ExxonMobil has secured approval for its Payara project in the Stabroek Block offshore Guyana and an agreement, which would also cater for stiff fines for flaring violations and a commitment that reservoir water be treated to international standards before dumping, should be signed soon, Minister of Natural Resources Vickram Bharrat has said.
“We are coming to the position where a production agreement is being drawn up and based on negotiations and consultations with the Attorney General’s Chambers,” Bharrat told Stabroek News when contacted, while noting that a “workable agreement” should be signed within days.
The Minister explained that details on applicable fines and new flaring provisions will be made public. “We will impose fines for flaring. Yes, we have an agreement to treat to international standards,” he added.
While the approval comes on the heels of a visit by United States Secretary of State Michael Pompeo, Bharrat recently dismissed concerns that the trip was tied to the project as he stressed that the US oil major must meet the necessary requirements and environmental standards before any approval would be granted.
Bharrat has said that teams from both government and ExxonMobil were meeting to settle issues relating to the project, including environmental matters such as flaring, water dumping and outstanding overlapping legal terms from the Liza-1 project.
He had also said that the teams were working around the clock to ensure that this country is satisfied that global environmental and safety standards are met before the licence is issued.
The PPP/C government announced last month that a review of the Payara Field Development Plan was initiated by the Department of Energy under the then APNU+AFC, which contracted Bayphase Oil and Gas Consultants at a sum of US$386,830 in December 27, 2019.
Through the Ministry of Natural Resources, it added that it had decided to review the work already undertaken by the Department of Energy, so that the interest of all Guyanese is protected and in keeping with international transparency and accountability standards prior to approval being given.
Bharrat said that it was because government did not want a permit granted based on a “minister or ministers’ discretion” that it turned to the Canadian government for help and thus Alison Redford, an international consultant and Canadian Queen’s Counsel, was hired.
It was the EPA’s Head Dr. Vincent Adams who had first raised concerns about the reservoir water dumping and had asked the company to show, through research, that there would be no impact on ocean and marine life.
Adams had also proposed a “tightening of the legal language” in the permit as it pertains to flaring so that periods of start-up flaring do not run into several months, while saying that it was unacceptable.
Exxon has to date flared over 10.2 billion cubic feet of natural gas and continues to flare at volumes of 12M to 15M cubic feet per day, and has not given a timeframe from when the problem would be resolved. When volumes went over 9 billion cubic feet, it was forced to reduce flaring volumes and in turn reduce oil production quotas to cushion the impact on the environment.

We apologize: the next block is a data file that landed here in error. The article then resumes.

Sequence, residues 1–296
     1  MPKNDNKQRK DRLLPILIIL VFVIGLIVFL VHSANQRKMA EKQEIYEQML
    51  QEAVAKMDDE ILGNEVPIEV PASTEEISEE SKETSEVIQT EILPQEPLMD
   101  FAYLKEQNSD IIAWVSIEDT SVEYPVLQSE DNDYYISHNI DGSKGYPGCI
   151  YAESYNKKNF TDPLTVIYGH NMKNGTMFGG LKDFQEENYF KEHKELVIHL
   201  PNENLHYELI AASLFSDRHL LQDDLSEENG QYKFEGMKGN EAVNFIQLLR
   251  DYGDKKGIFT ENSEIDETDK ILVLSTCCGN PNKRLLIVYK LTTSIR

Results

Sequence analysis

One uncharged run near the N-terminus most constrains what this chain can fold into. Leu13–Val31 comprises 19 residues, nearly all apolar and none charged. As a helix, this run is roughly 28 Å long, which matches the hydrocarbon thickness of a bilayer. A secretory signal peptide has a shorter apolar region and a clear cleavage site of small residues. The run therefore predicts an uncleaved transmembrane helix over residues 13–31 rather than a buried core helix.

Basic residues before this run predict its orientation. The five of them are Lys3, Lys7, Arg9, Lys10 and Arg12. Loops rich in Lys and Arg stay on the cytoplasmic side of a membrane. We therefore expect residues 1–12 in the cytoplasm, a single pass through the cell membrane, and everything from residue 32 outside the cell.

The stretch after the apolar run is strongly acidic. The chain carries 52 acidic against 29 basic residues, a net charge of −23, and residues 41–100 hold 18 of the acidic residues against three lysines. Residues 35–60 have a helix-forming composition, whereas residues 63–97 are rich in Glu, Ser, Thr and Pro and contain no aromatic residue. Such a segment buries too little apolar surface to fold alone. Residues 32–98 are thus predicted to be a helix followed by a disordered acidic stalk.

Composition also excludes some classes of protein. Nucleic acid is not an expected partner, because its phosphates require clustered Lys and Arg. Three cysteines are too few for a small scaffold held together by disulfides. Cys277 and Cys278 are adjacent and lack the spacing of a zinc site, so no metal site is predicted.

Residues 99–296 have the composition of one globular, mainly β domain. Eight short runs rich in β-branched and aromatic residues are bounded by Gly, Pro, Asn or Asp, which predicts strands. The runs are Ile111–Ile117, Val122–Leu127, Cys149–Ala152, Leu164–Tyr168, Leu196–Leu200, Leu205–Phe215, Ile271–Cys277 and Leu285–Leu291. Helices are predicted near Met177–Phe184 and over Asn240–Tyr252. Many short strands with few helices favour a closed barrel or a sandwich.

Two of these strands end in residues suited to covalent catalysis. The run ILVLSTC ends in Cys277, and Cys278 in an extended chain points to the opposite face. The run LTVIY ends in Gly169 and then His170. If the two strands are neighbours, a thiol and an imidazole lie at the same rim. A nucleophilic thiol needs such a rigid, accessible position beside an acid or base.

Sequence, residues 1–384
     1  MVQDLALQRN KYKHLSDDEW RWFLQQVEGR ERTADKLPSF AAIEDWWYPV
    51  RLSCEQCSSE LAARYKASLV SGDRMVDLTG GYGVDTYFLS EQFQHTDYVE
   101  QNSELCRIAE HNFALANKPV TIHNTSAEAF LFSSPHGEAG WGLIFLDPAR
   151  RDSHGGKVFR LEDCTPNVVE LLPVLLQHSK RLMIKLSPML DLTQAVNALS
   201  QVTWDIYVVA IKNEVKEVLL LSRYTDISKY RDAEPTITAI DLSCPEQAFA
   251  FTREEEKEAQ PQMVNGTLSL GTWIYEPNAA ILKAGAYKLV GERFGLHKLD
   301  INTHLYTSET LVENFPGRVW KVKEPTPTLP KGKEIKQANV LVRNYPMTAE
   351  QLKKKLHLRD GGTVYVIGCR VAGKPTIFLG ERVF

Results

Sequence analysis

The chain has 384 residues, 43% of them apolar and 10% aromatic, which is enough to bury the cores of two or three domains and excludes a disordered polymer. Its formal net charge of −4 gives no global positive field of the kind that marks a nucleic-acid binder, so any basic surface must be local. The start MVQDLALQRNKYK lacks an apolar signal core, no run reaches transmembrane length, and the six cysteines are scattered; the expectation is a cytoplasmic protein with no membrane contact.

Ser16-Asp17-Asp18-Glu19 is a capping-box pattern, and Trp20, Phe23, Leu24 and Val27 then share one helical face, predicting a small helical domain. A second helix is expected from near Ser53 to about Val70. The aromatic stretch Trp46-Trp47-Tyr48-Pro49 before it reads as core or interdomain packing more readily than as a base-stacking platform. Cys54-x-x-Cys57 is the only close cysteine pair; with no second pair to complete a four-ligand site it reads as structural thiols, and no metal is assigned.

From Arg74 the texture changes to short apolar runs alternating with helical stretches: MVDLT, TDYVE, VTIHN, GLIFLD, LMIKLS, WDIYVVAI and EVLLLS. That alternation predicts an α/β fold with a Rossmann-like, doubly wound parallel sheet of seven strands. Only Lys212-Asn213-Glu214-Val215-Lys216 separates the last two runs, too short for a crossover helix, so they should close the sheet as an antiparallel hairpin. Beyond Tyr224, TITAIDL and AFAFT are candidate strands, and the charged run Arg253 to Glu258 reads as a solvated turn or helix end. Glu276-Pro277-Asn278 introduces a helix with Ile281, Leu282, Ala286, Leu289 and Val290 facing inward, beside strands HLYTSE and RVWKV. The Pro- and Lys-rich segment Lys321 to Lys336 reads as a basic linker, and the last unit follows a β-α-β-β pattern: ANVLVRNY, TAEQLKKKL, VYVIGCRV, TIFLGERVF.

Adams has said that claims must be fact and research-based as he believes that it is vital to the future generations of this country and by extension the world that the environment must be protected.
But in the middle of the discussions and review of the Payara project, he was sent on leave by the new PPP/C government. This decision was strongly criticised and seen as a way to speed up the Payara approval. His leave will end on October 5th, possibly after the permit is signed and granted.
ExxonMobil has openly defended its plans to release thousands of gallons of reservoir water into the ocean instead of re-injecting it into wells, claiming that it could drive costs up and this country would need to determine the balance it takes.
“The water that we produce is treated on the vessel and what is discharged causes no damage to the environment. It is treated to international standards and there is no harm at all. There is a discussion that is ongoing for Payara on whether or not we go to a different standard, which is you say would be to inject that water. There are some potential risks to doing that, some chemistry issues between the produced water and the reservoir fluids which could cause potential problems creating fractures in the reservoir,” ExxonMobil Country President Alistair Routledge had told a virtual press conference late last month.
“There are also potentially environmental aspects of treating and injecting that water in addition to sea water, in the sense that you can have more air emissions because of the potential energy that is needed for the treating of that water. As always with environmental issues these are quite complex balancing acts as to how we manage to get the minimal impact, to protect the environment and to maximize the return to the state from it,” he explained.
During his visit here, Pompeo made clear that the United States was not a part of any negotiations between the two sides. “The negotiations with the Guyanese Government are between Exxon and the Guyanese Government,” he said while pointing out that his government will “do the things we can to help American companies be successful, have access, have opportunities to engage in fair and transparent business dealings with Guyana.”
Source: Stabroek News